Top positive review
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Brilliant mix of fact and fiction
on 25 October 2010
When I was at school, the lessons on 1066 were brief, and I was left with the impression that Harold was a sneaky and somewhat incompetent king, who came to an ignoble end at the wrong end of an arrow.
1066 was absolutely a turning point in England's history, when we exchanged one bunch of invaders for another. It is a lot more complex, interesting and indeed, noble, than I was ever taught in school.
Henty has written this in mostly fictional style, a boy's own adventure with a rags to riches tale of one Wulf, a page of Harold, who was then an earl, but in all but name King of England; Edward the Confessor being more enamoured with the cloister than the Crown. Wulf is, of course, young, brave, heroic and completely indispensable to Harold, showing military tactics of such deep experience that belies his tender years. Such license is in no way detrimental to the story, and although the sallies with axe and sword may make it sound like a book with a series of battles, and as such of little interest to those that dislike buckets of gore, Henty avoids all this in matter-of-fact manner, so that deaths and the odd loss of limb are, for the most part, unimportant compared to keeping the historical story correct, and unbiased.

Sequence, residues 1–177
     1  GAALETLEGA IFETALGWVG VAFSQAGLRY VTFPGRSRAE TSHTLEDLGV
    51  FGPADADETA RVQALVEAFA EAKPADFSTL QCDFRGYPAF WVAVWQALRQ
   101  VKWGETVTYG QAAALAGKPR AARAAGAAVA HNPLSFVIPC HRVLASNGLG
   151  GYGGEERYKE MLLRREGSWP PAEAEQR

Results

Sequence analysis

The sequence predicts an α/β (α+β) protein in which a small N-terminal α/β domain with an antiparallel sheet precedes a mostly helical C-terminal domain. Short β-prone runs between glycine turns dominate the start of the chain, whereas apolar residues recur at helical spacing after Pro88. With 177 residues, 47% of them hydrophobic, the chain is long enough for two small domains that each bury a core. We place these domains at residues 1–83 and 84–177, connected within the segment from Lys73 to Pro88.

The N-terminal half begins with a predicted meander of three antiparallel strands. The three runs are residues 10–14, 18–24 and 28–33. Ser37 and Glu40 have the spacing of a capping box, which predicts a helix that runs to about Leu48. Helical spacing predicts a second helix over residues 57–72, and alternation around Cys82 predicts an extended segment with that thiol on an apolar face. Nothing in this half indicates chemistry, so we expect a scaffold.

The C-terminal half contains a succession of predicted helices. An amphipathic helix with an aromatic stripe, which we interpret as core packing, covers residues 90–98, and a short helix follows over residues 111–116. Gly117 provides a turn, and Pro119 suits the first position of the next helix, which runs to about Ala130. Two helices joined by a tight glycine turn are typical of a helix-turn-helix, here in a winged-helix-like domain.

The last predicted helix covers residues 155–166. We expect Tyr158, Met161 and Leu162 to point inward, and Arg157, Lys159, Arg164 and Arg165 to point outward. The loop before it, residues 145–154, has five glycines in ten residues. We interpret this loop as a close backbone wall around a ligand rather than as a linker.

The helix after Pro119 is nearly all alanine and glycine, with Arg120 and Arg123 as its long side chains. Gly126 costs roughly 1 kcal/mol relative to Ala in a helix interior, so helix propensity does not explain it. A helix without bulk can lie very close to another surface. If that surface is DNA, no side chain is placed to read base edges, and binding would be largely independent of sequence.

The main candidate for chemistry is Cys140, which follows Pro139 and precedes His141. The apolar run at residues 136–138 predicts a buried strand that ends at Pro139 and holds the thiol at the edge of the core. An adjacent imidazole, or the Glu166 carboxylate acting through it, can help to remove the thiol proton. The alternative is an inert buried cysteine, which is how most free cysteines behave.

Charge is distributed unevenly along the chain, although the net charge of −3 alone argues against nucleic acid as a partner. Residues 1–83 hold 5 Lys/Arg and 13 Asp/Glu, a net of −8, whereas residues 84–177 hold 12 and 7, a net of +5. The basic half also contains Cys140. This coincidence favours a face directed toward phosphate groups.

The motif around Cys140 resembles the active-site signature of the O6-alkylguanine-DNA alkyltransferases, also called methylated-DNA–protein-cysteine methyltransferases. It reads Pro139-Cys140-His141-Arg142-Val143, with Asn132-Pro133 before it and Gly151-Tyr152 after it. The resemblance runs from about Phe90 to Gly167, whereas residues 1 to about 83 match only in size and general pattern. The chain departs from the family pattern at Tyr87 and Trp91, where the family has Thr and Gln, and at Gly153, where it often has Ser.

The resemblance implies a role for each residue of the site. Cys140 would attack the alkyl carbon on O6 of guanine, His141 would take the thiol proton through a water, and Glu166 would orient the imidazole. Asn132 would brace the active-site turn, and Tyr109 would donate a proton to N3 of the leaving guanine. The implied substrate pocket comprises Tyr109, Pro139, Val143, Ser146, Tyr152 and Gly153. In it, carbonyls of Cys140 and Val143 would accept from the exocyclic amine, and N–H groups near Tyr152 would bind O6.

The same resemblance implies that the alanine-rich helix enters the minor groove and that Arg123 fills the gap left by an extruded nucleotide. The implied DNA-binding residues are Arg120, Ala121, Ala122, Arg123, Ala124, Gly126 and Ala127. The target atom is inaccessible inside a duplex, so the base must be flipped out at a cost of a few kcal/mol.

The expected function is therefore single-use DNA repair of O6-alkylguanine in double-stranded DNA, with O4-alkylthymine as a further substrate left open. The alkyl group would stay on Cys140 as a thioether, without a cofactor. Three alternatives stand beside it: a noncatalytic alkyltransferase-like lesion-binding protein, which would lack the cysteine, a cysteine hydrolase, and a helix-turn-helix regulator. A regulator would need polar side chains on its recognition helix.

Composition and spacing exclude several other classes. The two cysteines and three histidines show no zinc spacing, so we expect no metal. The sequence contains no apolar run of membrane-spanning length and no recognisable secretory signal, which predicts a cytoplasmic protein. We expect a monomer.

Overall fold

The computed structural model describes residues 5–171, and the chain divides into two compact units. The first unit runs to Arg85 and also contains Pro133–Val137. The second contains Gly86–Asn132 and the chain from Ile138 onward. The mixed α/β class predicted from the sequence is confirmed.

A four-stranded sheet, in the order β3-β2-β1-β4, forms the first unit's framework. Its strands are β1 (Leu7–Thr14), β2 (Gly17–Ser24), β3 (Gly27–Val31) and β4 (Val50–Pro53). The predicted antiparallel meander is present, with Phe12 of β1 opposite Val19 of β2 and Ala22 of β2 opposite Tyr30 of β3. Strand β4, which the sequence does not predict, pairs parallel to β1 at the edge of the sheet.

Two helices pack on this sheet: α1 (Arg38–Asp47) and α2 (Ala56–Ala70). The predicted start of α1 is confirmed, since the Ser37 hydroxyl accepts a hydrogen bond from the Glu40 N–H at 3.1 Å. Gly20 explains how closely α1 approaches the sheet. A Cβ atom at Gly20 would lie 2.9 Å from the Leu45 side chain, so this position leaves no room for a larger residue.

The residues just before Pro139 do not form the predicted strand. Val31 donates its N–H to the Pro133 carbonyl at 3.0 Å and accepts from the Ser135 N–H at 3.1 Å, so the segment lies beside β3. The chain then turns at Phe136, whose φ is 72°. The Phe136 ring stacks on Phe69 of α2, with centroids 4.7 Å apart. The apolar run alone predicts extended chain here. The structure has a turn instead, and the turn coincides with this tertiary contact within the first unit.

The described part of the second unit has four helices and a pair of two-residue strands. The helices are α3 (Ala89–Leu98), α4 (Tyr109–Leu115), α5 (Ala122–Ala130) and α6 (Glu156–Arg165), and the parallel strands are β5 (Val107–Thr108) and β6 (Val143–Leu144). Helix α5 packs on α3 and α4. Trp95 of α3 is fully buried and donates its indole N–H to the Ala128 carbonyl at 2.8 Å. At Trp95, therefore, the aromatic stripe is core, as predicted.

Henty tries to keep largely unbiased; William being shown at times an upright, wise and fair, but you can't help getting the impression that his sympathies lay with the English, who, in the end, had to again yield to a foreign force. My opinion is that the country would have fallen sooner rather than later, as we were getting battered and harried from all sides.
Henty also adds little historical asides; epilogues to the various characters, and even stating how actions taken had repercussions for years, if not centuries, to come. All this adds nice grounding for anyone interested in the history.
Like the movie Titanic, you get so caught up in the story (and there are various little romantic asides in Wulf too) that you almost find yourself praying that history was wrong and the English triumph, so brave and tenacious their defence of King and country.
I would recommend this book to anyone remotely interested in this period, but also to anyone studying the subject at school, as it is told in such a plain and uncomplicated manner as to make it very digestible. As a freebie on the Kindle, you really can't lose.
I cannot comment on the Kindle compared to the book version, as I have not read the latter, but I had no problems, apart from odd formatting at times; but I did not find this distracting and had no problems reading it.